The obvious reason is that, for voters, taxes are radioactive, while carbon trading sounds like something that just affects utilities and big corporations. The many green politicians stumping for cap-and-trade seldom point out that such a system would result in higher and less predictable power bills. Ironically, even though a carbon tax could cost voters less, cap-and-trade is being sold as the more consumer-friendly approach.
A well-designed, well-monitored carbon-trading scheme could deeply reduce greenhouse gases with less economic damage than pure regulation. But it’s not the best way, and it is so complex that it would probably take many years to iron out all the wrinkles. Voters might well embrace carbon taxes if political leaders were more honest about the comparative costs.
Reinveting Kyoto, (June 11, 2007):
A better treaty [than Kyoto] would scrap the unworkable carbon-trading scheme and instead impose new taxes on carbon-based fuels. As recently explained in the first installment of this series [Time to Tax Carbon, above], carbon taxes avoid many of the pitfalls of carbon trading. They would produce an equal incentive for every nation to clean up without relying on arbitrary dates or caps, or transferring money from one nation to another. They’re also much less subject to corruption because they give governments an incentive to monitor and crack down on polluters (the tax money goes to the government, so the government wins by keeping polluters honest)… Real solutions to global warming, such as carbon taxes, won’t come cheap — they’ll make power bills steeper and gas prices even higher than they are now. But the economic news isn’t all bad. Much of the clean technology of the future will probably be developed in the United States and sold overseas. Think of [a carbon tax] as a novel way of reducing our trade deficit with China while building a cleaner world.“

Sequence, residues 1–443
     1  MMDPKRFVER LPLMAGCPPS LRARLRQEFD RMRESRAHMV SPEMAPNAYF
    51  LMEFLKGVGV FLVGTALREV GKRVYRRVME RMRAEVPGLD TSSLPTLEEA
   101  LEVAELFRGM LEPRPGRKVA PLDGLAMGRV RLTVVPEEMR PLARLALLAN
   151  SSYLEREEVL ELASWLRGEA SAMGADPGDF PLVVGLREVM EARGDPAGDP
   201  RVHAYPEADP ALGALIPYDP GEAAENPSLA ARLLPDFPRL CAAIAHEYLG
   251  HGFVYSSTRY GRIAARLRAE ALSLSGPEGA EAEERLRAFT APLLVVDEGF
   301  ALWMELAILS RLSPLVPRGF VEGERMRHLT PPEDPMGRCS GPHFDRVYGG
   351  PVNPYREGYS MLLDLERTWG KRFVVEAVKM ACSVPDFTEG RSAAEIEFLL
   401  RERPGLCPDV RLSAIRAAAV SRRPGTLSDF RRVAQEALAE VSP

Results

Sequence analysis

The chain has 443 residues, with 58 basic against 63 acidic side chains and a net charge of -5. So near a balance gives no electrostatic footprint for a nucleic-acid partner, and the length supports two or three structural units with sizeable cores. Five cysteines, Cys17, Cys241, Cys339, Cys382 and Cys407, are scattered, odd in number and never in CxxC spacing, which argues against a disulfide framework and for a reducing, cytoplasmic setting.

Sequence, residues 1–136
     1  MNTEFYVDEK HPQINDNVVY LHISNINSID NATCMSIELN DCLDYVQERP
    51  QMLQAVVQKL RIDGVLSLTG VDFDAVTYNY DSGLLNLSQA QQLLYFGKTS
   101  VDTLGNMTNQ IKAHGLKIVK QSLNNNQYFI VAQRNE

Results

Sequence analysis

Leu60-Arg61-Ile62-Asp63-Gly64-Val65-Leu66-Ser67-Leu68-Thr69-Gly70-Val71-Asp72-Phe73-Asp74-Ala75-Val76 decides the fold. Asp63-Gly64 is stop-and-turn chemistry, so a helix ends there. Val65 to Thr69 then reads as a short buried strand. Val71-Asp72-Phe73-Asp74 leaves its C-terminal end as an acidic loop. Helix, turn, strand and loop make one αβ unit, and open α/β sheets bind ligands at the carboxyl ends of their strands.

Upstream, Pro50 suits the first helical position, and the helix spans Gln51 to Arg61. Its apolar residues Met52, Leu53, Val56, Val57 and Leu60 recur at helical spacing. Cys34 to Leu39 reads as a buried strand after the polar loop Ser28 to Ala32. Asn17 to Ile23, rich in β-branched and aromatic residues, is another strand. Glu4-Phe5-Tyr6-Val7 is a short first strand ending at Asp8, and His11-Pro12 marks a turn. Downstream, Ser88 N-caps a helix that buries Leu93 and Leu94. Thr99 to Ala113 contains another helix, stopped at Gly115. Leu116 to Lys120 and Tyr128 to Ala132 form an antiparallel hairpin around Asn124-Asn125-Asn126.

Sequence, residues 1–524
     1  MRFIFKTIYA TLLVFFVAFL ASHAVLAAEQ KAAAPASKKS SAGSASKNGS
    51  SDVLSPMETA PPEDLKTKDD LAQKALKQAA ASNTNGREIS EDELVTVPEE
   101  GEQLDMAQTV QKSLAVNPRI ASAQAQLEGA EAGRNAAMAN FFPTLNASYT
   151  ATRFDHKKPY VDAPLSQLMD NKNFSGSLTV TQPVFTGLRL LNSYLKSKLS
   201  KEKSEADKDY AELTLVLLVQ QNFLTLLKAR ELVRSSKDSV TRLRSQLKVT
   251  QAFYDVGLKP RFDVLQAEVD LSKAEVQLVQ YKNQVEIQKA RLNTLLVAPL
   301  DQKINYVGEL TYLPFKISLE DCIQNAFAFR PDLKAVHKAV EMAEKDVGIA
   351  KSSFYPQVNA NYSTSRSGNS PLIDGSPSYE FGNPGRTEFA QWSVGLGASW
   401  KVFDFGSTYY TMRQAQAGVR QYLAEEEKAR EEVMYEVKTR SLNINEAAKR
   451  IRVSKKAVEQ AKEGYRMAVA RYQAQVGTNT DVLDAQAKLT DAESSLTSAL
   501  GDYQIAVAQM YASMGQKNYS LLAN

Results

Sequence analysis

Detroit Free Press:
A tax on carbon dioxide emissions, phased in gradually but relentlessly, would be the most transparent and efficient step this country could take in the search for energy independence and reductions in many emissions, including carbon dioxide. It would send a hugely important signal to the markets — for cars and for alternative energy sources such as windmills and solar collectors, in particular — that innovation and conservation are essential. Consumers are going to pay for any measures taken to reduce greenhouse gases and shift away from dependence on foreign petroleum. But most politicians choose instead to hide the costs by placing expensive demands on automakers and by dispensing subsidies for alternative fuels, such as ethanol, that become a hidden tax burden. A cap-and-trade system for emissions also would have disguised costs. Keep Carbon Tax in the Mix of Solutions, July 12, 2007.
[T]he ultimate goal should not be to reduce the price consumers pay at the pump. It should be to reduce the amount going to oil producers. Global warming is more than ample grounds for levying taxes on carbon-based fuels, including gasoline, to reduce emissions. But those taxes would fall partly on foreign oil producers. By cutting consumption, they promise to put downward pressure on world crude oil prices—weakening OPEC and stemming the flow of dollars to anti-American regimes. American consumers have a choice: They can pay high prices to oil producers or to themselves. The tax proceeds can be used to finance programs of value here at home or to pay for cuts in other taxes—even as they curb the release of carbon dioxide. Pump Pain, May 20, 2008.